You can use Reconstruct to generate 3D reality models (Point Clouds) of the indoor spaces of your projects from videos captured by 360 cameras. This unique feature enables our customers to avoid the cost, time, and effort needed to conduct laser scanning. Here is a quick comparison between Reconstruct's indoor point clouds and laser scanning to help you decide which works best for your specific needs.
Overall we recommend using Insta360 One R camera for capturing your indoor spaces. This camera provides the best quality for the point clouds and images. Here is a comparison of available 360 cameras for your reference.
360 Camera Stabilizers
Capturing videos while walking results in blurred images due to camera shake. Some of the available 360 cameras have internal image stabilization. However, even with internal image stabilization, it is highly recommended to use stabilizers (gimbals) to eliminate blurred video frames completely. Stabilizers can significantly improve the quality of the indoor point clouds. For this type of capture, it is recommended to use stabilizers that are designed for 360 cameras. Learn more about stabilizer here.
Once you purchase the right camera and stabilizer combination, your next step is to finalize your capture set up. Regardless of the type of 360 camera used for capture, users should follow the instructions below to ensure good capture quality:
One time setup steps
- Calibrate the in-camera gyroscope (some cameras do not have a gyroscope, just skip this step if you have one of those)
- Here is a link for a tutorial to calibrate the gyroscope of Insta360 One X/R:
- Set the video resolution to highest (for insta 360 it is 5.7k, for Garmin Virb it is 5.2k, and for Ricoh Theta it is 4k)
- Set the frame rate between 24-30 fps (Do not exceed 30 frames per second as this will not improve the capture quality but will result in larger video files and longer processing time)
- Every time you remove the battery from your camera, you should connect it to your smartphone or tablet to make sure that it has the correct date
- While the camera is recording, the indicator light will be flashing. Keep an eye out for that flashing light so you can notice if the camera stops recording for any reason (e.g. out of battery)
- Make sure that the camera is set to "Video" and that video mode is set to "Standard". Please DO NOT use "Bullet Time" mode.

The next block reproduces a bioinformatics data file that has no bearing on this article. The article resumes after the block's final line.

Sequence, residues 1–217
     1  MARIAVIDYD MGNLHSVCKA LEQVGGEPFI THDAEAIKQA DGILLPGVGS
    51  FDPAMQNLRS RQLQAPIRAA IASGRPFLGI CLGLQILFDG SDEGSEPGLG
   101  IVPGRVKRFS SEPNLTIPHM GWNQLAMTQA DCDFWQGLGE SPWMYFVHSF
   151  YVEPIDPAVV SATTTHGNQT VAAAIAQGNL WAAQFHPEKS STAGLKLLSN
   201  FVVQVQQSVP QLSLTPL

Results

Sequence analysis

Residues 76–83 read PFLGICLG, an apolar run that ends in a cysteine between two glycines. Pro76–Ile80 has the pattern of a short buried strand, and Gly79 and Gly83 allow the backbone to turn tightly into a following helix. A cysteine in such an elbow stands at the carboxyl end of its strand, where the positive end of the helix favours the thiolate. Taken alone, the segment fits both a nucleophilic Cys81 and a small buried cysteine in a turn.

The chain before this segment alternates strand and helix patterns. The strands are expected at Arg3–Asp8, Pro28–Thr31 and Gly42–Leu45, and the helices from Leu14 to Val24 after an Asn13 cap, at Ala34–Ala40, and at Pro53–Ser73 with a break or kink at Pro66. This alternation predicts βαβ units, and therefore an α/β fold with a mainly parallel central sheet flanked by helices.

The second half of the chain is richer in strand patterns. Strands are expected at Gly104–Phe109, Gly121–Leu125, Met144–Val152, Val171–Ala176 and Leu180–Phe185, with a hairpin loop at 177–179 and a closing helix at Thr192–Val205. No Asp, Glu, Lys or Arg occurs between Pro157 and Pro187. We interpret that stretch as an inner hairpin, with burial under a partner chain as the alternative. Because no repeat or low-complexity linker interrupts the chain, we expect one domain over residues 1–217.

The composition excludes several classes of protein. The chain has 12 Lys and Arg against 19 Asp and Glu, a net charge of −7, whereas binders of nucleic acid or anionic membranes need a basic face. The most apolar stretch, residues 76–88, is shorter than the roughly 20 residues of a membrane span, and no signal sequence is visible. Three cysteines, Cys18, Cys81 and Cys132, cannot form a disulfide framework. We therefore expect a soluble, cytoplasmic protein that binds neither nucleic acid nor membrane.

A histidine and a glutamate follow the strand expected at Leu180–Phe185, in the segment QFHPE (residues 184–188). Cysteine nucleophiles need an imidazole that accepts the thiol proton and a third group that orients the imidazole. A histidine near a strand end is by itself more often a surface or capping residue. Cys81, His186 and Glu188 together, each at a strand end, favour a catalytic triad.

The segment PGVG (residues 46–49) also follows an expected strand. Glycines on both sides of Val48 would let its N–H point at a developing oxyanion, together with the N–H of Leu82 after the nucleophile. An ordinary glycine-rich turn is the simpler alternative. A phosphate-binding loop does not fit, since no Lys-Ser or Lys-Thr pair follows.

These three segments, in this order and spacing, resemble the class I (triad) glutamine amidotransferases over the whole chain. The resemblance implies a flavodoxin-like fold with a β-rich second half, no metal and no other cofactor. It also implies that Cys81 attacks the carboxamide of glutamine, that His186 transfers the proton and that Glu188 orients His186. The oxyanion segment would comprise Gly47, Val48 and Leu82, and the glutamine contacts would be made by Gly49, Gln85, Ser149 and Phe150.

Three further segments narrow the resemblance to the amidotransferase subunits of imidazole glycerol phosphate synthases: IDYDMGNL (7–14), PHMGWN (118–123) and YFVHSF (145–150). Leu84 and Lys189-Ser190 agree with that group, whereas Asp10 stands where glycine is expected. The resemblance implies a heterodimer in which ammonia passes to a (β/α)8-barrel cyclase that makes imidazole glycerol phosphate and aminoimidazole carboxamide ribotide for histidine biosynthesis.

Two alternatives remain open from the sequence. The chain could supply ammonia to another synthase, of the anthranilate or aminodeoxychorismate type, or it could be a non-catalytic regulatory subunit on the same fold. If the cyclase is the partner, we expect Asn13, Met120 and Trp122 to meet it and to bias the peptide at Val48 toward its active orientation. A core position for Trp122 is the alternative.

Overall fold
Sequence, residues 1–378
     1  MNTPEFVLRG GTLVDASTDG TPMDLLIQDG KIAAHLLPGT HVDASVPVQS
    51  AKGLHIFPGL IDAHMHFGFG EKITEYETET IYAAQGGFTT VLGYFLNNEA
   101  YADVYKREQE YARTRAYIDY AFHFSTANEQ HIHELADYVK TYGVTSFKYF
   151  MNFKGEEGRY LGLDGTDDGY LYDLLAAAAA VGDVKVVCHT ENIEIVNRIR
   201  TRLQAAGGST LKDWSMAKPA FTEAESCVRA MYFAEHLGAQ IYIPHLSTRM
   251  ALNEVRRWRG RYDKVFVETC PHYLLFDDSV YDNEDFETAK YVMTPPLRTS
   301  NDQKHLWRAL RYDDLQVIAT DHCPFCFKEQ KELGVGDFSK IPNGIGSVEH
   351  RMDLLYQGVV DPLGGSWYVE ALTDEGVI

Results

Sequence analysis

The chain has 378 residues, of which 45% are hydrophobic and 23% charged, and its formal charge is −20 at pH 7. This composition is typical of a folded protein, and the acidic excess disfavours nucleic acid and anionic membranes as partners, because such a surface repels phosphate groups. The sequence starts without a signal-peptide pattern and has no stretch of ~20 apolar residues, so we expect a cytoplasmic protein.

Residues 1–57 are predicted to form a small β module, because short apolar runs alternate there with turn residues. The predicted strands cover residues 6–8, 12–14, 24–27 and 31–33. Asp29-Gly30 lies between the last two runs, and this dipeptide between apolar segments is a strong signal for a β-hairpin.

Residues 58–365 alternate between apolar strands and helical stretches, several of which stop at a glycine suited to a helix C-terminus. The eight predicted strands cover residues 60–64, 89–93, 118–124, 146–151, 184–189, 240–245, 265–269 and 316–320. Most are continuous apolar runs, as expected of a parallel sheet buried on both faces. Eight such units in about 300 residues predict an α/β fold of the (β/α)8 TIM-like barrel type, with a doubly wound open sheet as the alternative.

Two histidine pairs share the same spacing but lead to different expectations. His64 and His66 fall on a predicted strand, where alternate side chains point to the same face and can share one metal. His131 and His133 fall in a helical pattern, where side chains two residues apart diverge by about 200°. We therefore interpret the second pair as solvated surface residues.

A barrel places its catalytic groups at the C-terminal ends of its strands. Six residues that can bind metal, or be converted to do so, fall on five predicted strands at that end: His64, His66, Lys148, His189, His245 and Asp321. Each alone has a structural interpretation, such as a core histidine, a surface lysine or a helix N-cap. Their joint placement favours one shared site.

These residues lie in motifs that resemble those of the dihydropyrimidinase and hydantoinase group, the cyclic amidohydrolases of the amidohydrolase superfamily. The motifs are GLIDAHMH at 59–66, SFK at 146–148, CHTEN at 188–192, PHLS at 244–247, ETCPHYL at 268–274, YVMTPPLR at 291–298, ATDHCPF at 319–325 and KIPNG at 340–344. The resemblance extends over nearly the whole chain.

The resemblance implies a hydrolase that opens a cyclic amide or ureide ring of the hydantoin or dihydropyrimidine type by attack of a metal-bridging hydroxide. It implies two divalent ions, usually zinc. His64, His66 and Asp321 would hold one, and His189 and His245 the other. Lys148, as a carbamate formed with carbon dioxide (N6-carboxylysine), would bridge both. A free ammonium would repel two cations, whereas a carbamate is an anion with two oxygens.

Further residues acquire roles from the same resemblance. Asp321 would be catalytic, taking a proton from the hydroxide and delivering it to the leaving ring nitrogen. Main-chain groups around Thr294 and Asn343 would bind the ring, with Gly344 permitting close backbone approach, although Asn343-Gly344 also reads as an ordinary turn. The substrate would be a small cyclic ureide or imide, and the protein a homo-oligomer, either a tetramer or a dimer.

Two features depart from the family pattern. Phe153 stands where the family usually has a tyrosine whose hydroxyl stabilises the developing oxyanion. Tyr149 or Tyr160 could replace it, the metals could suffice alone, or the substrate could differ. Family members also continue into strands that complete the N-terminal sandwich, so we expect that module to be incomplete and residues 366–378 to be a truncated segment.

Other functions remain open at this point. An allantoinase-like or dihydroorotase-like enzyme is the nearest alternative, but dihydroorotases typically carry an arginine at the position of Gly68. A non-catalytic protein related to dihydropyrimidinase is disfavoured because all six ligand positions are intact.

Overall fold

Camera Mounting Methods
There are several ways to use 360 cameras in construction sites to take videos. They can be attached to selfie sticks, mono-pods, hardhats, or even handheld. Generally you want to always do the following:
- Keep the camera above your head: This is important to avoid obscuring large portions of the video with your body or hardhat.
- Maintain camera direction: We don't want the camera to rotate left and right. If you have a stabilizer, you can set it to cancel any rotation you do and it can keep the camera looking in the same direction regardless of any turn you make to the left or right. On the other hand, if you do not have a stabilizer, it is highly recommended to slow down whenever you are turning left or right.
Using selfie sticks
The camera can be mounted on a selfie stick to provide the ability to move it higher or further away from the person conducting the capture. This makes it easier to keep the camera above your head. In the case of higher-than-usual spaces, the selfie stick helps move the camera towards the center of the height.
Mounting the camera on a hardhat
360 cameras can also be mounted directly on a hardhat, using a standard go pro mount in addition to an adapter, as shown in the picture below. This could be more convenient than using a selfie stick, but it has it's own requirements. For example, you need to keep your head steady at all times. Any sudden head movements or shakes will cause blurry videos. If you want to look left of right, try to do it slowly to avoid causing any blurry frames in your video.
For small and short duration captures, users can also hold the camera directly with their hands. It is highly recommended to hold the camera above your head during the capture. This might cause arm fatigue very quickly.
If you are planning to capture an area with low light, it is highly recommended to add a light source to your camera setup. LED light sources provide adequate lighting and can last for a long time. Here is an example of an LED light that can be attached to a hard hat: https://www.illumagear.com/store/halos/halo.
Planning Capture Path
Your capture path should cover all the areas you want to include in the point cloud with a lot of overlap. Each video should complete a full loop (meaning that you should end the video at the same point where you started it. We recommend that you keep the video duration under 10 minutes. You can cover up to 15,000 SF area in 10 minutes. If your floor plans are larger than 15,000 SF, then you should consider splitting the capture into multiple videos. Here is a quick list of things to keep in mind:
- Try to ensure adequate lighting in all areas being captured
- Walk slowly and steadily (120 feet per minute)
- Linger at the start and end of the capture path, any dark areas, and around corners
- Walk along the perimeter of the space (3 feet from the wall)
- Spend more time in large spaces (Either by walking in a lawn mower or spiral pattern)
- Walk around obstacles
- Build redundancy into your path, for example walking in a loop such that you pass through most rooms twice
- Close the loop by ending the video at the same starting point if possible
Here is an example of a good capture path (in green) and a bad capture path (in yellow):